Just a year ago, the Washington Post's "On Faith" blog scolded Americans for apparently caring too much about President Obama's religious practices and beliefs, or lack thereof. In a piece rhetorically asking the question they were more than happy to answer, "Does Your President's Faith Matter?," Post writer Elizabeth Tenety opened by citing the left's favorite Constitutional clause: "No religious test shall ever be required as a qualification to any office or public trust under the United States" (Art. VI, sect. 3).
It was the same refrain Americans heard during the 2008 presidential campaign when Sean Hannity went public with some revealing information about President Obama's spiritual adviser and minister of 20 years, the racist, anti-American radical named Jeremiah Wright.
Liberal commentators and leftist media types around the country fell all over themselves in an attempt to downplay any significance or relevance Obama's spiritual views might have on his character or leadership. In his movie "Media Malpractice," independent filmmaker John Ziegler hilariously exposed CNN's Anderson Cooper dismissing the importance of the Wright controversy 12 times in one short segment.
But fast-forward to today, introduce a handful of conservative Christians into the Republican primary, and be amazed at how relevant spiritual beliefs can quickly become.
Just one year after touting the constitutional prohibition against religious tests for federal officials, the Washington Post's "On Faith" feature was wondering if Texas Governor Rick Perry should be, "judged by the religious company he keeps." Daily Beast/Newsweek writer Michelle Goldberg took time to alert the country to the possibility that both Perry and Minnesota Congresswoman Michele Bachmann might subscribe to, "a theocratic strain of Christian fundamentalism known as Dominionism." Yes, no doubt the man who recently proclaimed his desire to make "Washington, D.C. as irrelevant in your life as possible" will be instituting federally mandated baptisms in the National Mall's reflecting pond if elected.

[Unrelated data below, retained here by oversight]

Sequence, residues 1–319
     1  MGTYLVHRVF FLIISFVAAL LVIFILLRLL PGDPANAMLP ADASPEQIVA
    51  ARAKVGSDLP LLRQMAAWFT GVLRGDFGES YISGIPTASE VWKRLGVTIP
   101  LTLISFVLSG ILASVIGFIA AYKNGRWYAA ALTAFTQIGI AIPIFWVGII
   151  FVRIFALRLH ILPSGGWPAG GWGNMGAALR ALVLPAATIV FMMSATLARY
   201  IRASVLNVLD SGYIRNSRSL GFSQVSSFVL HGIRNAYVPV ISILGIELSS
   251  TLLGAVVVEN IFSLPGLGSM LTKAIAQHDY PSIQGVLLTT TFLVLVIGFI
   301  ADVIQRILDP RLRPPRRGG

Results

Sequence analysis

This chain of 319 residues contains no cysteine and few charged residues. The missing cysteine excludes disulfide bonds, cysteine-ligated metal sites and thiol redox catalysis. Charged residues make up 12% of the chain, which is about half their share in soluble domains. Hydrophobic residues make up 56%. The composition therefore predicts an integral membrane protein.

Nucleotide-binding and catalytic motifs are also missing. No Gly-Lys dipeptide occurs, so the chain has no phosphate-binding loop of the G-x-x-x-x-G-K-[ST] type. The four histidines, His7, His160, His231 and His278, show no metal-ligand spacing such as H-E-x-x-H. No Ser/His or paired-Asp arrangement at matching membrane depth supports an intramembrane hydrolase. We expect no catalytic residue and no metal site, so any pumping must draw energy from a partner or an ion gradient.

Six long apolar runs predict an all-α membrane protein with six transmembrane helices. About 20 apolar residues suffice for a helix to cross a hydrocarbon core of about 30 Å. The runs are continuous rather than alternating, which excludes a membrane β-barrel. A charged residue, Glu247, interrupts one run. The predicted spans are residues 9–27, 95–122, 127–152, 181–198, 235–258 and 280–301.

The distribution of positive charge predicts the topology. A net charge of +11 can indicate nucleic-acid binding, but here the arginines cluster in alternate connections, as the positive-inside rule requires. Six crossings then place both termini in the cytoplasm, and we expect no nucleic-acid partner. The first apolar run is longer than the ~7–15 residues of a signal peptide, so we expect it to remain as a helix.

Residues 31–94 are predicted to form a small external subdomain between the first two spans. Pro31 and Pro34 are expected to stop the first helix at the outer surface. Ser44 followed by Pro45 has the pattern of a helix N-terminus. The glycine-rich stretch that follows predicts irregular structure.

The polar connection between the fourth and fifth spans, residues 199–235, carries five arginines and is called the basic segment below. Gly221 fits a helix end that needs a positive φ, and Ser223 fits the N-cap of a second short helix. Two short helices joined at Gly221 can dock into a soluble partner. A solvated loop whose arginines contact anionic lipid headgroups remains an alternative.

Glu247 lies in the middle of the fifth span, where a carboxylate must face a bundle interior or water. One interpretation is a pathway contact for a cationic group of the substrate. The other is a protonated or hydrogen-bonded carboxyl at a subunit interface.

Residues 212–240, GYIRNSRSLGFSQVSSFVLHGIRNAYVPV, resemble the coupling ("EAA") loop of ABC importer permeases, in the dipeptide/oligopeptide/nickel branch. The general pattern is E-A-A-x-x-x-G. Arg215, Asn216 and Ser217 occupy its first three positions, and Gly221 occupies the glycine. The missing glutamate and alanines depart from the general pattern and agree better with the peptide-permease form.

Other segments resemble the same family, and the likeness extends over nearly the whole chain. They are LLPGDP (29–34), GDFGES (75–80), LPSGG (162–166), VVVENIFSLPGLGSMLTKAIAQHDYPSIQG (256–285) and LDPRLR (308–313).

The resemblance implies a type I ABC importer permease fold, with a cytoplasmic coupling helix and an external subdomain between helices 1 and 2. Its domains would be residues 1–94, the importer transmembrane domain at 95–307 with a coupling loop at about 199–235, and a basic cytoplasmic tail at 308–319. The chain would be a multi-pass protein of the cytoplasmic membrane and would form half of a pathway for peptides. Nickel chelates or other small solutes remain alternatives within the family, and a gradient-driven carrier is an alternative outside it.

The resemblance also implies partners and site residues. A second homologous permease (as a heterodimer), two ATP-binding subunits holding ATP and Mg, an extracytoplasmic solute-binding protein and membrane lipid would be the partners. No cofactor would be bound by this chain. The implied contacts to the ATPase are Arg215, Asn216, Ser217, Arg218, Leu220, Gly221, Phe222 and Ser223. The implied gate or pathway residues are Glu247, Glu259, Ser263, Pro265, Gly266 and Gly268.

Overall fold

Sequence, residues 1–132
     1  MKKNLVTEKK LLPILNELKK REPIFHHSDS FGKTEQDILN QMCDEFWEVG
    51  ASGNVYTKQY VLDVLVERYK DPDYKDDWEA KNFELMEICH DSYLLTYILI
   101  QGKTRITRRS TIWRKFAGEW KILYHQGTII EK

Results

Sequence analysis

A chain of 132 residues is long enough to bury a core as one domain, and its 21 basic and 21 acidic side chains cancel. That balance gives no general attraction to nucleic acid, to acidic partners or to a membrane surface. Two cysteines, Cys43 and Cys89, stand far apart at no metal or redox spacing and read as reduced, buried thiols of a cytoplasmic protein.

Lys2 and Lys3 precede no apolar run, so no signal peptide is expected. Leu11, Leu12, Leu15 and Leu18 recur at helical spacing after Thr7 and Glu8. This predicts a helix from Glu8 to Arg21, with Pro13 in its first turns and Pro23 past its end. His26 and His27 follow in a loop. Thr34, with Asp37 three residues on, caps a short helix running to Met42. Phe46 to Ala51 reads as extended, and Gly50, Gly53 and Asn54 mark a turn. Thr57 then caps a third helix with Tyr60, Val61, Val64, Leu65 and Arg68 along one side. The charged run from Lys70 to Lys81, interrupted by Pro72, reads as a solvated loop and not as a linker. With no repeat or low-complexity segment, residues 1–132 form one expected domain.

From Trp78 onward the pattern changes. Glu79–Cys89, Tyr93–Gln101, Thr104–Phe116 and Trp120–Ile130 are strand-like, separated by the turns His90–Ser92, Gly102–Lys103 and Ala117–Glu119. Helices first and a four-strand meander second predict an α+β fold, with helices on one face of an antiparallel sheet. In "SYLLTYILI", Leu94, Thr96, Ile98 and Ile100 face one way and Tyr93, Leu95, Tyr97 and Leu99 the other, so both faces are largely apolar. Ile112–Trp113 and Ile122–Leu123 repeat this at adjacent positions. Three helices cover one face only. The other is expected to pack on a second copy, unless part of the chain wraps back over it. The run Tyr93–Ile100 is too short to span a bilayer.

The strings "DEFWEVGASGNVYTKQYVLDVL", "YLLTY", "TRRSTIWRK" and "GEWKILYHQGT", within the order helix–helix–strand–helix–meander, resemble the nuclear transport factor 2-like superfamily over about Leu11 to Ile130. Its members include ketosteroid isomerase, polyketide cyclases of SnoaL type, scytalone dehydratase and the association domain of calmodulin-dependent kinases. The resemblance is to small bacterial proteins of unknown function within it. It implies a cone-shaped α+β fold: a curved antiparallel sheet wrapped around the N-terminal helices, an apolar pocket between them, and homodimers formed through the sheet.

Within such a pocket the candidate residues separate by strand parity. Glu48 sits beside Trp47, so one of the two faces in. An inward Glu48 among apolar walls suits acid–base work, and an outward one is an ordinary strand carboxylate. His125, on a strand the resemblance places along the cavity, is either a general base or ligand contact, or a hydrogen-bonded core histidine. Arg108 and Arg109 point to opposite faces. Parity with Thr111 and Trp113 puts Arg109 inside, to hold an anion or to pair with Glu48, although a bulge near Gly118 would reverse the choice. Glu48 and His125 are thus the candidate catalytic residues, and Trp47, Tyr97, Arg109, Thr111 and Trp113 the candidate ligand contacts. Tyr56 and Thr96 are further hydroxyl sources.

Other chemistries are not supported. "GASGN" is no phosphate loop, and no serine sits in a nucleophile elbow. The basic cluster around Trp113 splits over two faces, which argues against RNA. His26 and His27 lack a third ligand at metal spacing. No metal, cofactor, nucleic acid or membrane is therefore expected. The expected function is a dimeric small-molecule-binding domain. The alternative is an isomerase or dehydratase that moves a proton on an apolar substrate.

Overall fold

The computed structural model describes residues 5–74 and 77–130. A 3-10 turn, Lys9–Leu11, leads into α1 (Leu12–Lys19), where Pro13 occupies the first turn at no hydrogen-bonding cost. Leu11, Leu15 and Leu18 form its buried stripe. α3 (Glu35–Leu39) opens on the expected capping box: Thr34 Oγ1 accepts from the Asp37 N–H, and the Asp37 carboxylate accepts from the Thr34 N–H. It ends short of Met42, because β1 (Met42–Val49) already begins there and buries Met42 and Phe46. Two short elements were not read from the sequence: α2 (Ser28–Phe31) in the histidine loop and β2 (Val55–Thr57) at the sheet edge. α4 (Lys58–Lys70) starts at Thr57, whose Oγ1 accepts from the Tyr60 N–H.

But perhaps the most glaring example of the left's Damascus Road conversion on the issue of religious tests comes from the New York Times' Bill Keller, who actually produced a physical questionnaire for candidates (well, the Republican ones anyway) to fill out. After suggesting that a belief in Christian doctrine was equivalent to believing that space aliens walk among us, Keller attempted to justify his religious exam by writing, "This year's Republican primary season offers us an important opportunity to confront our scruples about the privacy of faith in public life -- and to get over them. We have an unusually large number of candidates, including putative front-runners, who belong to churches that are mysterious or suspect to many Americans."
And though I do wonder where this spiritually inquisitive side to liberals like Keller was when Obama's ears were being filled with black liberation theology, I have little interest in merely focusing on the hypocrisy. There's just no sport left in pointing out the inconsistency of the left.
More importantly, I think this is an opportunity to find common ground. I actually agree with Mr. Keller and all these newly awakened, faith-conscious liberals: a person's religious beliefs do matter when they run for public office. Those beliefs tell us more about their judgment, values and integrity than perhaps anything else. Somehow pretending they are to be off limits for voters seeking to make an informed choice about who they want to lead them is, and always has been, absurd.
It's one reasons I have been so agitated by the contextual abuse of the "No Religious Test" ban by liberals for several decades. The point of the ban was never to bar the people from considering the spiritual merits of a candidate before casting their vote. Indeed, several of those who endorsed the ban had authored religious test oaths for their own state governments. The federal ban was enacted, just like so many other prohibitions in our founding documents, to prevent the encroachment of the national government into affairs belonging to the states or the people.
In other words, the job of judging whether a candidate's spiritual health is acceptable for them to hold office is yours, not the feds'. In the late 18th century, Theophilus Parsons, Chief Justice of the Massachusetts Supreme Court, explained it this way, "No man can wish more ardently than I do that all our public offices may be filled by men who fear God and hate wickedness; but it must remain with the electors to give the government that security."
What that means is that Mr. Keller, Michelle Goldberg, Anderson Cooper, as well as you and I, can each have our own completely constitutional religious tests for candidates. If Keller denies his vote to someone because they believe in a literal 6 day creation of Earth, it's his right. And if you deny yours to someone because they worship Allah or embrace black liberation theology, it's your prerogative.
This has always been the appropriate understanding of religious tests. It's nice to see the left finally getting it.
This column was first published at The American Thinker.